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Home /   Exhibitions /  Past Exhibitions / True Nordic: How Scandinavia Influenced Design in Canada

True Nordic: How Scandinavia Influenced Design in Canada

Thu Oct 13 to Jan 08, All Day

Produced by the Gardiner Museum and curated by Rachel Gotlieb and Michael Prokopow

This landmark exhibition explores more than seven decades of Nordic aesthetic influence on Canadian design. Examining the ways in which modern Scandinavian design was introduced to Canada and how its aesthetic principles and material forms were adopted and adapted by Canadians artisans and designers, True Nordic presents a comprehensive, critical survey of Canadian furniture, ceramics, textiles, metalwork, and glassware.

Scandinavian design initially reached Canada’s elite consumers and style-makers via museum and gallery exhibitions, showrooms, small retail shops and articles and advertisements in popular decorator magazines. However, it was the dynamic influx of émigré craftspeople from Scandinavia who both affirmed and vernacularized the aesthetic in Canada and who shaped profoundly the country’s design and craft movement from the 1930s onward. What was broadly known as “Danish modern” became synonymous with ideas about good design, and “comfortable and gracious living.”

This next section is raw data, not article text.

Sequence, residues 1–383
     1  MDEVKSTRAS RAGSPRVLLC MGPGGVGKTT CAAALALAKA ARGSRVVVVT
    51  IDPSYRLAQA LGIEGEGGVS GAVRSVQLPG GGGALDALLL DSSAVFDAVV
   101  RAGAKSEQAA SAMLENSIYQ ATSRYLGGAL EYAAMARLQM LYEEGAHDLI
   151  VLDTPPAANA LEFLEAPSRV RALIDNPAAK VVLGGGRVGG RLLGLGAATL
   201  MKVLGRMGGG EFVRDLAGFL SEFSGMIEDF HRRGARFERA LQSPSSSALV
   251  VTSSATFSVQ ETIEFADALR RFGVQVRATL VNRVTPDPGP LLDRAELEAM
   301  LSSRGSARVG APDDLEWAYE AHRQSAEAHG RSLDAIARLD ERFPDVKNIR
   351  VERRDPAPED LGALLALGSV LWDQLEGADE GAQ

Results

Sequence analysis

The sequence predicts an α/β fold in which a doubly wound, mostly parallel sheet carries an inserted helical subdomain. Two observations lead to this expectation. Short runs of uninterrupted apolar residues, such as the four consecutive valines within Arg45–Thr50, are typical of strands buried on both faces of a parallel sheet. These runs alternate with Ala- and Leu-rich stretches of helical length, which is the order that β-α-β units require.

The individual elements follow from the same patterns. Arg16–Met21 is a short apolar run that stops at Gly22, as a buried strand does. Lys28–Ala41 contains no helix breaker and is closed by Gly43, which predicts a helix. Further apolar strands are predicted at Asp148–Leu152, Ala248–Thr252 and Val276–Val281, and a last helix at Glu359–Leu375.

Capitalizing on the market opportunities presented, Canadian manufacturers added Scandinavian design to their conservative repertoire of colonial and historicist offerings and called these lines, Helsinki, Stanvanger, Scanda and so on. The culminating section of the exhibition will ask why Scandinavian and Nordic aesthetics continue to resonate with so many contemporary Canadian designers and artisans at work today.

Featured artisans include: Carl Poul Petersen, Ernst and Alma  Lorenzen, Janis Kravis, John Stene, Karen Bulow, Kjeld and Erica Deichmann, Lotte Bostlund, Thor Hansen, Rudolph Renzius,  Sigrun Bulow-Hube, Ruth Gowdy McKinley, Niels Bendtsen, Sean Place, and Mjolk.

 

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